The feeling eased after about 2 months though the constant motion stayed with me for some time. It varied in intensity. Most of the time I felt like a ship on calm waters - other times like I was in a force 10 gale in the middle of the ocean.
After seeing the same ENT again, as well as Neurotologist at a top hospital in London (who confirmed my diagnosis and insisted I would recover) I am now undertaking a Vestibular Rehabilitation Therapy programme. For those with chronic or prolonged balance issues, this appears to be the only cure - as well as time. The exercises are designed to provoke dizziness and aid the brain to compensate for the damaged inner ear. Diligence is essential and the exercises must be done regularly and over a long period before improvement is noted. I am noticing that my "good" phases are getting longer though the progress is slow. I am now clear and mentally prepared for the fact that recovery will be a long haul.
What have I learnt about my experience? Too much to even mention. I have realised the difficulites and frustration faced when having a chronic health problem; I have learnt that illnesses where you "look fine" are incredibly difficult to cope with as people think you "are fine". Inner ear dizziness is a very strange symptom - firstly you have the fact that most people think of dizziness as lightheadiness or faintness where as inner ear dizziness could not be any further from this description. Secondly it is just too tricky for people to see dizziness in someone else - they can't. Thirdly, the majority of people think I have "spells" of dizziness and they have no idea it is there constantly and has been all this time.
So, I think I find some of my mental exhaustion stemmed from people not being able to understand how I felt. Of course when you look fine and can also function well (or appear to) on most days, simply carrying on as normal when you couldn't feel further from normal, is excruciatingly draining.
I have learnt the value of good health and also of the meaning of friendship. Some found it hard to gauge, others got bored when I'd had it for so long, many had no idea of just how much I was suffering. Others were simply amazing. They were patient, constantly supportive, understanding and most of all, gave me hope. Of course I have encountered unhelpful comments like "Will you have it for life then?", "I feel dizzy too as I've got a cold", "You've had that for ages, isn't there anything you can take?" and "There are far worse things you could have" (this last comment is true but it certainly isn't an appropriate thing to say to someone suffering from such a distressing condition!). I simply had to boil inside at such comments and smile on.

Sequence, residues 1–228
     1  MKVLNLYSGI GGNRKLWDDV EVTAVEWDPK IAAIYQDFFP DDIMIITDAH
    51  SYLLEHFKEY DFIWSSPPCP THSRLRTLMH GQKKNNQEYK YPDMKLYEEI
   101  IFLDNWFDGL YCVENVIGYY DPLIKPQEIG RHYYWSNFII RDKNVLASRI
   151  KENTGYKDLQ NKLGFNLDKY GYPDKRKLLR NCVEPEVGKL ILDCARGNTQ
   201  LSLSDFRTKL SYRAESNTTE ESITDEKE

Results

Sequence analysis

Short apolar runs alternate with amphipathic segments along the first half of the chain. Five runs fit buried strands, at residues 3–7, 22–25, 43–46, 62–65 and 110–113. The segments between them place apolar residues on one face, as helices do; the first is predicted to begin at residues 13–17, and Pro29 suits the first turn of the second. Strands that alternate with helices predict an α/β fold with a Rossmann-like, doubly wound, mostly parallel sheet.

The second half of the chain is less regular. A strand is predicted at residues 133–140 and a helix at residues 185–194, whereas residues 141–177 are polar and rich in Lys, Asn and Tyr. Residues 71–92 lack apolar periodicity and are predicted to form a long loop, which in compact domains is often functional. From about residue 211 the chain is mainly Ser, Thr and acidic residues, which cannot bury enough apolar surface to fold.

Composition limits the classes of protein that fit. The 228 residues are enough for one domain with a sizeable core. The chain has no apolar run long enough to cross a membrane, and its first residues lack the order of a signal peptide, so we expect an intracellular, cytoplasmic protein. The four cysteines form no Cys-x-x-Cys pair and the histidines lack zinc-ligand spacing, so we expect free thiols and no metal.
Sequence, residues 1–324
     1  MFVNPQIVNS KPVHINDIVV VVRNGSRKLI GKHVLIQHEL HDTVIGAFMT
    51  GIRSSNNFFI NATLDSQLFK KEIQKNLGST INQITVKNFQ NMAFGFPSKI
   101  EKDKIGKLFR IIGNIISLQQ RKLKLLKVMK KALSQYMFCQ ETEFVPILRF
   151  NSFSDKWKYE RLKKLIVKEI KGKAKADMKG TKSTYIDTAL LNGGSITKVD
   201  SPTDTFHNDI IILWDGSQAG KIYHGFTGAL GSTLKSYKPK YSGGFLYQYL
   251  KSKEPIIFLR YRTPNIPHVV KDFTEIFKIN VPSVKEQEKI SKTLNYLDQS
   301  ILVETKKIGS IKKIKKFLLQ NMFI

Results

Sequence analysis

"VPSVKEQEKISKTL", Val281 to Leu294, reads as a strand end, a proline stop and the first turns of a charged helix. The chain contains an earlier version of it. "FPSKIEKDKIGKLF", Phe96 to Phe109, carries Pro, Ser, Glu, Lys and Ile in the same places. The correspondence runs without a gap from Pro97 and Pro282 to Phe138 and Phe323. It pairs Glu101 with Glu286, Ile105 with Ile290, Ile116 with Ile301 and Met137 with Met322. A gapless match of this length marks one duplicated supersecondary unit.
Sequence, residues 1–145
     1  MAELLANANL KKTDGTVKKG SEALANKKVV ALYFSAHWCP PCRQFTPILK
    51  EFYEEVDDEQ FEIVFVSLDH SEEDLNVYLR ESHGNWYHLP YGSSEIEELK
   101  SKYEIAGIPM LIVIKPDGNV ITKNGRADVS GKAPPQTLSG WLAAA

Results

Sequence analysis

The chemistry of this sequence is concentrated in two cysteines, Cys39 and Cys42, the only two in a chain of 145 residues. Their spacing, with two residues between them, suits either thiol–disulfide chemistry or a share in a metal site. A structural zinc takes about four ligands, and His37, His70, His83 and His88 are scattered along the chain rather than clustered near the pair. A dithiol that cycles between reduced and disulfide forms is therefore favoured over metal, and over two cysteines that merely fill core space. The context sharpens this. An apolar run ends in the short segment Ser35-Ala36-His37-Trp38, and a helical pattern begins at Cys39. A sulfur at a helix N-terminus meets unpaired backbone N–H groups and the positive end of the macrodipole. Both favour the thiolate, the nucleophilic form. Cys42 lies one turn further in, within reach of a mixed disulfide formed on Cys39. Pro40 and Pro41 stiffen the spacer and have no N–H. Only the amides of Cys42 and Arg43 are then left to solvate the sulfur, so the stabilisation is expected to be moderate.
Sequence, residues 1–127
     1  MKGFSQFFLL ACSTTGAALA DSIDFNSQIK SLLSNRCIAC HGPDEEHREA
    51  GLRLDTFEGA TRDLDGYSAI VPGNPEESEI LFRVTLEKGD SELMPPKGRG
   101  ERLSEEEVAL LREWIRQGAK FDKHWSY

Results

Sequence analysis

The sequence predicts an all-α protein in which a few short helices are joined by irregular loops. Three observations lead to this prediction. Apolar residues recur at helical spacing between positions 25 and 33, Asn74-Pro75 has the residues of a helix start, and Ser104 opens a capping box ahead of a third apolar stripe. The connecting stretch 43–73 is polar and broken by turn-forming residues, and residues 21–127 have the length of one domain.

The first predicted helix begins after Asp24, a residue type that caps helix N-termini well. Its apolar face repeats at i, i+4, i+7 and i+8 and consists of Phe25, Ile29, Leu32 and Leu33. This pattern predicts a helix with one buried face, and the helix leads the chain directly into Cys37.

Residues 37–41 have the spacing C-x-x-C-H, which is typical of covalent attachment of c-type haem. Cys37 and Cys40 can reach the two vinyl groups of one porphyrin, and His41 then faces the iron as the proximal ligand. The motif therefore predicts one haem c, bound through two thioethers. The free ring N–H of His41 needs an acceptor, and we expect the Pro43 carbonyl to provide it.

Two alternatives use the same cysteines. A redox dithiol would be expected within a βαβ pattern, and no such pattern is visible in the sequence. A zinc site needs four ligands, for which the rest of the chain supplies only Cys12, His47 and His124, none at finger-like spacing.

I have learned to be more compassionate - I realised that because I look and sound fine, sometimes people can only relate to what they see or what they've gone through themselves, or what they THINK they know. I have so much more patience and tolerance for other people and their limitations and faults because of MY experience with this. You just never know what someone else is going through.
When such few people understand the nature of vestibular disorders (including the medical profession as I learned) it is even harder for people to understand that having a chronic illness can also lead to feeling low.
One thing that did keep me going throughout my ordeal was an internet support group for people with inner ear problems. Through this I met Isla, who I spoke to a lot about the illness as she had just he same symptoms and experiences as me. It was so nice to find someone who actually knew what I meant when I said that objects moved and the ground bounced! Her friendship has kept me strong and I am so very grateful I found her.
Anxiety is another factor I experienced a little with this. Although luckily mine has never been severe, on occasions I certainly exhibit 'avoidance behaviour' but who wouldn't with this disorder? I learnt to try and overcome this by making myself to do more, though this does not mean putting myself in situations I know I will find too difficult.
I do feel that what "shall be, shall be" and I think patches such as this are presented to us to help us re-evaluate things. I have reassessed virtually every aspect of my life since getting this and I have grown as a person. I know I will not be the same person once this phase of my life is over.
Most of all however, I now have extreme empathy with other people with chronic Vestibular disorders. I aim to do all I can for this disabling disorder of "Uncompensated Labyrinthitis" to become understood and most of all, recognised that a patient diagnosed with this illness doesn't always recover within the standard 8 week time frame.
UPDATE (24th December 2004).
Emma has finally seen a Neurotologist - diagnosed with left inner ear damage - same as Isla! She is on their VRT programme and is scheduled to have CBT. They stated that dysfunction from Labyrinthitis can go on for a long time and they don't know why people recover at different rates. Isla recovered at the 3yr mark so Emma is not there yet! She's hoping 2005 will see big improvements for her. In the meantime, she plods on through the "Labyrinthitis journey" - determined to beat it in the end.
UPDATE (August 2008).
Emma has been doing a new VRT programme for a year now and has seen big improvements. She travelled abroad this summer, has been working full time for 3 years and lives a completely normal life. THIS REMAINS THE CASE TO THE PRESENT DAY
Copyright (c) 2006 Labyrinthitis.org.uk; All Rights Reserved
Copyright (c) 2006 Labyrinthitis.org.uk; All Rights Reserved